New speculative execution bug leaks data from Intel chips’ internal buffers

First disclosed in January 2018, the Meltdown and Spectre attacks have opened the floodgates, leading to extensive research into the speculative execution hardware found in modern processors, and a number of additional attacks have been published in the months since.

Today sees the publication of a range of closely related flaws named variously RIDL, Fallout, ZombieLoad, or Microarchitectural Data Sampling. The many names are a consequence of the several groups that discovered the different flaws. From the computer science department of Vrije Universiteit Amsterdam and Helmholtz Center for Information Security, we have "Rogue In-Flight Data Load." From a team spanning Graz University of Technology, the University of Michigan, Worcester Polytechnic Institute, and KU Leuven, we have "Fallout." From Graz University of Technology, Worcester Polytechnic Institute, and KU Leuven, we have "ZombieLoad," and from Graz University of Technology, we have "Store-to-Leak Forwarding."

Intel is using the name "Microarchitectural Data Sampling" (MDS), and that's the name that arguably gives the most insight into the problem. The issues were independently discovered by both Intel and the various other groups, with the first notification to the chip company occurring in June last year.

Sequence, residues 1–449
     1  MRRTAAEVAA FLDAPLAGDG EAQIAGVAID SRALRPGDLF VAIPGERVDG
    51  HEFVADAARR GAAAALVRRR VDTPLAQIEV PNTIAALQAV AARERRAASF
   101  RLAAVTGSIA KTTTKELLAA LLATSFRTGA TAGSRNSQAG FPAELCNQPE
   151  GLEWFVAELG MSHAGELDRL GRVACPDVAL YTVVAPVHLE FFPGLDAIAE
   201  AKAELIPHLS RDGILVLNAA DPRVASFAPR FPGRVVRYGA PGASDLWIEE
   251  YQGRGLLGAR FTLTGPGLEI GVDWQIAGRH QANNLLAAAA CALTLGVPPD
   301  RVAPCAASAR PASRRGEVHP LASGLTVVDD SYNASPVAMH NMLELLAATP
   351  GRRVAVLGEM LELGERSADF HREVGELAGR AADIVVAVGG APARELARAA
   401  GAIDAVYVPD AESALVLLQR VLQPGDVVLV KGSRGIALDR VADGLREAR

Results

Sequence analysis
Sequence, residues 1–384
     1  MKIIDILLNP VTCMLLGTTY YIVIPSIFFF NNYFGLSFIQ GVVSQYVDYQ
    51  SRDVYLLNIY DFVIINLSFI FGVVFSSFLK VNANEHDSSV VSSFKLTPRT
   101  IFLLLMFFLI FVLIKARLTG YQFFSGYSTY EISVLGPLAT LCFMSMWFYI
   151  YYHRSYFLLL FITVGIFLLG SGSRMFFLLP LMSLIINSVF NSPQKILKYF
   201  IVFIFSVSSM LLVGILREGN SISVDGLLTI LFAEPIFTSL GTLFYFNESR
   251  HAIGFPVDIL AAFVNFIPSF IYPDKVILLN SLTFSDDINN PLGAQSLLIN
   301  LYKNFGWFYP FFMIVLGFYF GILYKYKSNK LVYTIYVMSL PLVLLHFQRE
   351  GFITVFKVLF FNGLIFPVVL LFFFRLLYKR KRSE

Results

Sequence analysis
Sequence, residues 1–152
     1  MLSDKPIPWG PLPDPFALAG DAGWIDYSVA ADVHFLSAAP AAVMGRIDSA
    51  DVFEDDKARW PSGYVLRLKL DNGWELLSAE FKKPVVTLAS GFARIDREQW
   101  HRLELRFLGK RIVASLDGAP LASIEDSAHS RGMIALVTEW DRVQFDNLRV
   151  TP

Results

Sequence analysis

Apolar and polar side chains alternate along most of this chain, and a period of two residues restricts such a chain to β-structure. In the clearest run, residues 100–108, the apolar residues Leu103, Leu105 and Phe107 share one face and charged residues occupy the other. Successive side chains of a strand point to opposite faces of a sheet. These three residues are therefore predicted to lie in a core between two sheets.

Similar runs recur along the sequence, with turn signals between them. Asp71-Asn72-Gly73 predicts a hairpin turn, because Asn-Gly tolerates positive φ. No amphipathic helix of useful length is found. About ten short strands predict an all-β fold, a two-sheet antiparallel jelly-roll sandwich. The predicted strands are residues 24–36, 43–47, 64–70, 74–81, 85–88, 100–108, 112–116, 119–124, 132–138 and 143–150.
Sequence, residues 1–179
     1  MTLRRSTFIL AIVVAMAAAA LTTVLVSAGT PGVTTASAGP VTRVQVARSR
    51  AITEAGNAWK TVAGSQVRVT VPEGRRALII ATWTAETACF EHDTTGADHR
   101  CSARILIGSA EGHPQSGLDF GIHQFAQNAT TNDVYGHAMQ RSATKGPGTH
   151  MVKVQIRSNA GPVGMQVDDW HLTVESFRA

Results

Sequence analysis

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Google: Software is never going to be able to fix Spectre-type bugs

Google: Software is never going to be able to fix Spectre-type bugs

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Researchers from Google investigating the scope and impact of the Spectre attack have published a paper asserting that Spectre-like vulnerabilities are likely to be a continued feature of processors and, further, that software-based techniques for protecting against them will both impose a high performance cost. In any case, the researchers continue, the software will be inadequate—some Spectre flaws don't appear to have any effective software-based defense. As such, Spectre is going to be a continued feature of the computing landscape, with no straightforward resolution.

The discovery and development of the Meltdown and Spectre attacks was undoubtedly the big security story of 2018. First revealed last January, new variants and related discoveries were made throughout the rest of the year. Both attacks rely on discrepancies between the theoretical architectural behavior of a processor—the documented behavior that programmers depend on and write their programs against—and the real behavior of implementations.

Specifically, modern processors all perform speculative execution; they make assumptions about, for example, a value being read from memory or whether an if condition is true or false, and they allow their execution to run ahead based on these assumptions. If the assumptions are correct, the speculated results are kept; if it isn't, the speculated results are discarded and the processor redoes the calculation. Speculative execution is not an architectural feature of the processor; it's a feature of implementations, and so it's supposed to be entirely invisible to running programs. When the processor discards the bad speculation, it should be as if the speculation never even happened.